Before laptops, World War II and dinosaurs, desktop PCs ruled the Earth. And they were dull. And they were beige. And nobody liked them.
Unsurprisingly, many users attempted to modify their desktop PCs in increasingly extreme ways. Some added stickers, others added flashing lights, while some -- jobless students, mostly -- pimped their rigs until they were utterly unrecognisable as PCs.
Today, we pay homage to those men and women of the modding scene by presenting to you the 20 most pimped-out case transmogfications ever conceived. You will laugh, you will cry and you will wonder why some of these people even bothered.
Above all, however, you will be thankful you bought a laptop.
This coffin PC is wrong on several levels. The headphone jack is on the outside, for a start. And it uses a wired mouse. And Windows XP. It's pretty much perfect apart from that, though.
Please send letters of complaint to the imaginative folks at www.austinpcmods.com
This 'Eleven Commandments' bible mod came as something of a surprise -- we'd always assumed God was an iMac user, given the fact he's such a creative chap. We've got to give props to Chewy at Freezefreeks.de for the use of purple velvet, though. It is big, pimpin' and a little bit evil.
We dont know who this 'wearable PC' guy is, but we're pretty sure we know how he died. It invoved pain, lots of convulsing and an enormous electricity bill. Don't try this one at home kids, at least not without rubber underwear.
Japanese artist Mio Lizawa didn't think his PC was complete without a mechanical tumour. The more CPU usage his computer is experiencing, the larger it gets. Those with a strong enough stomach should watch the video here: http://tinyurl.com/yggtg4m.
This childrens' toilet trainer PC, built by the guys at envador.com, belongs to a kid with some serious aim issues. Aside from the fact the flusher doubles as a power button, it has no redeeming features.
Damn Windows users. We're sure Mac fans wouldn't attempt something this horiffic...
Kasey McMahon stayed in for days, gutting her deceased beaver until it was hollow enough to accomodate her mini ITX PC. There are simpler ways to build a Media Center, of course, but she probably wasn't aware of this at the time.
Futurama fan Jan Erik Vangen of Norway crafted this Leela, er, desktop from a store mannequin and shedloads of pressure foam. She has a webcam in her eye and a thumbdrive in her thumb. The Bender PC is a little more complex. It was built from sheet metal, has lightbulbs for eyes, and a slot-loading DVD drive for a mouth. You can see the entire construction process by visiting http://www.mini-itx.com/projects/bender/default.asp?page=1.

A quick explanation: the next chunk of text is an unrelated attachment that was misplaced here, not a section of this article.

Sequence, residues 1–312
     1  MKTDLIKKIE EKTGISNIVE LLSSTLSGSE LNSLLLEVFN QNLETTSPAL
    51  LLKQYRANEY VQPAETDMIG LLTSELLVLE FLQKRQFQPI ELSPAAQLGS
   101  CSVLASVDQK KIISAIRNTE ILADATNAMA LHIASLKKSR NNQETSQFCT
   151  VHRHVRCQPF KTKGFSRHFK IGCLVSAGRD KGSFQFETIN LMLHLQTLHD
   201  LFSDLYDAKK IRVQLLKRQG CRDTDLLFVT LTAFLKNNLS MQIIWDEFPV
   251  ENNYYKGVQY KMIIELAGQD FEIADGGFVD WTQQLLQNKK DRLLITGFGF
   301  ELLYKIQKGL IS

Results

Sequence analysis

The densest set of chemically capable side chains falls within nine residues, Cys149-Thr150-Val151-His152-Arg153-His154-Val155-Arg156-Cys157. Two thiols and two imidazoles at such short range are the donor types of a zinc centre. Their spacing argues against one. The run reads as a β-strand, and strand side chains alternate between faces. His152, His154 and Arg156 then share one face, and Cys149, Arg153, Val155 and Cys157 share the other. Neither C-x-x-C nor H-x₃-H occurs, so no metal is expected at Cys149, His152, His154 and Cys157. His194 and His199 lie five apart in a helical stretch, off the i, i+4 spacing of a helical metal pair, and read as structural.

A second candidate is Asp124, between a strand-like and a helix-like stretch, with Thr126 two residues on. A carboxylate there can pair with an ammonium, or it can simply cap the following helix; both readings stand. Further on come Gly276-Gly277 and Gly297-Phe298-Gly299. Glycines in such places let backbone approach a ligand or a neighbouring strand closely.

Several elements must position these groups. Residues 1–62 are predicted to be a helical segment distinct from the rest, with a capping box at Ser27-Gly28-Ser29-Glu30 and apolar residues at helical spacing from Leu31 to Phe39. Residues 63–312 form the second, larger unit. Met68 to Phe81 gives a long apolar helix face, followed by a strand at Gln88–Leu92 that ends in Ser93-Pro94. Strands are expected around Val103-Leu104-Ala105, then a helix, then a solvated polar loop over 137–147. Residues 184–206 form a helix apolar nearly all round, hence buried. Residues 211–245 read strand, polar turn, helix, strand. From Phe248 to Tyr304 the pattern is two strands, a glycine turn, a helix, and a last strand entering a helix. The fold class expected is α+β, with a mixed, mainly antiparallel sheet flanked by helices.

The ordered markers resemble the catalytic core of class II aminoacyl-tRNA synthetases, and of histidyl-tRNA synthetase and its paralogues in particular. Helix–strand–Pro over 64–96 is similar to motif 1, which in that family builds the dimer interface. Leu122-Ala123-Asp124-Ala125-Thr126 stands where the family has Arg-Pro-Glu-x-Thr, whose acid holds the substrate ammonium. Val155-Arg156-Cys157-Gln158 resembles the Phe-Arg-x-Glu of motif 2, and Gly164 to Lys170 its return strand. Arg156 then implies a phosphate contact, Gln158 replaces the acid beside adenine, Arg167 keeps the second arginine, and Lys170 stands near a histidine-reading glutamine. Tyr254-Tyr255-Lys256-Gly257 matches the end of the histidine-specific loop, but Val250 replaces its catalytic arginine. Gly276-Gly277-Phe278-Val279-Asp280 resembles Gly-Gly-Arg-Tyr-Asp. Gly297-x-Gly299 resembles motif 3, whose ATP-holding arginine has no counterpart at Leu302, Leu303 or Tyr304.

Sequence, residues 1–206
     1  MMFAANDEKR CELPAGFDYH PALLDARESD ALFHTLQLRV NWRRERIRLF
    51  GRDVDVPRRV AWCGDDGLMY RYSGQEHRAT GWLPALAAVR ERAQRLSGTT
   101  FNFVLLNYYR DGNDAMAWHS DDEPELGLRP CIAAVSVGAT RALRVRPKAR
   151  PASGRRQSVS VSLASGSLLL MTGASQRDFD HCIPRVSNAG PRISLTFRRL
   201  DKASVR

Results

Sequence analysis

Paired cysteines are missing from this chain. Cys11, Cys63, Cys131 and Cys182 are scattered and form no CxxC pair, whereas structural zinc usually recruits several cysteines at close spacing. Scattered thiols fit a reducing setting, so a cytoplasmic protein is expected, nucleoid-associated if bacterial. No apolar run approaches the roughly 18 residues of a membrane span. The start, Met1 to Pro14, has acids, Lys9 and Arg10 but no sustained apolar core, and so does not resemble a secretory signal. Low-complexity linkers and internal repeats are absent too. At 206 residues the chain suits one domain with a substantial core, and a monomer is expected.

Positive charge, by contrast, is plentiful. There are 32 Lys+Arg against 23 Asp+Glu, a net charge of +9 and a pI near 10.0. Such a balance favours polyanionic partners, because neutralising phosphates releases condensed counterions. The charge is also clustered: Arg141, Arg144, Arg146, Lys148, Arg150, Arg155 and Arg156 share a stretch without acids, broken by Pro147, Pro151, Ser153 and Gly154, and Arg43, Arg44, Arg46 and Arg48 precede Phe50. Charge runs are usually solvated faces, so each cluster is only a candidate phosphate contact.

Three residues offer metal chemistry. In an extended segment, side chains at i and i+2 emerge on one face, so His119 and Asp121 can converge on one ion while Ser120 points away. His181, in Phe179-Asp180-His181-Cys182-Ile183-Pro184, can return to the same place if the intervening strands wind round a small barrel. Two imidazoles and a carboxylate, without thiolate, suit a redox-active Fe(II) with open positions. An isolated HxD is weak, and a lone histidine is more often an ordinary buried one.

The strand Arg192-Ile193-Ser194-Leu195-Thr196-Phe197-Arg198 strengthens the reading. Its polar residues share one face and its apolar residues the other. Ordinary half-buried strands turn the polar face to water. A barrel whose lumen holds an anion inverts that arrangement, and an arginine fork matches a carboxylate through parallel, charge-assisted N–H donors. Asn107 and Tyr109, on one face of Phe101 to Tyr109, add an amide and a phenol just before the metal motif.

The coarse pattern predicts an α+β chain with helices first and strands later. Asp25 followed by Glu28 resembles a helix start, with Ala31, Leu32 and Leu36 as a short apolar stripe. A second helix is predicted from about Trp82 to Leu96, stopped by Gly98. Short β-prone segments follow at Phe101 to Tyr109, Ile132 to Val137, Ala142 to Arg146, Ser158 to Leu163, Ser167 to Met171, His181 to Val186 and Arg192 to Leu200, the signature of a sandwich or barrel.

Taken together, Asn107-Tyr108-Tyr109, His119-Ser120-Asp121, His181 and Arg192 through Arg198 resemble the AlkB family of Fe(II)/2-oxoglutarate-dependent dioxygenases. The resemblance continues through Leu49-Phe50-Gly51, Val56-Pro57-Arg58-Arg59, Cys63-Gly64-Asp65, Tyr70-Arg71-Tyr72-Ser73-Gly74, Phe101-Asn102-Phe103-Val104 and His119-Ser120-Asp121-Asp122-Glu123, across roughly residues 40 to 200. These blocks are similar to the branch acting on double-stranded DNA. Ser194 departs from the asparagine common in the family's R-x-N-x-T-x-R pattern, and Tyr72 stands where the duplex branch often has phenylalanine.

PopularMechanics went ballistic and created this desktop that's literally a desktop. All components -- motherboard, graphics card, hard drives -- are mounted beneath a transparent layer of clear acrylic bolted to an aluminium frame.
This cardboard PC was designed as part of a Greener Gadgets Design Competition in New York during February of this year. Cardboard may not seem the safest material to built a PC from, but its designer Brendan Macaluso says cardboard actually has a much higher fire and ignition point than most plastics. If you say so, mate.
We're not sure who built this beer-dispensing PC, but there's no denying he's an absolute genius. He'll probably go on to invent the time machine and a cure for ugliness -- if he's able to stay off the booze long enough.
Jeffrey Stephenson gutted this computer power supply and installed an entire computer -- complete with power supply. We're pretty sure he stole this idea from a food concept we invented while drunk. We can't give too much away, but it involved a chicken stuffed into a turkey, stuffed into a pig, stuffed into a cow and roasted on gas mark 5 for 8 hours, turning occasionally.
Toasters aren't the sexiest things in the world, but that didn't stop Adam Bertram from sliding a Via M9000 motherboard, 40GB hard drive, 4x DVD drive and a Hauppauge USB TV tuner inside his GE 4-slotter.
Kanna Higashi and Matsumura Katsuya lovingly created this anime character from scratch. Its frame is built from polyvinyl chroloride pipes, polystyrene foam and micro-hollow-globular-resin-clay, which look a lot fitter than they sound.
Most people put the PC inside the living room, but this unknown modder has put the living room inside his PC. This imaginative little creation features a miniature sofa, plus a table with portrait, New York Times newspaper and flowers, and a functioning lamp connected to the adjacent motherboard.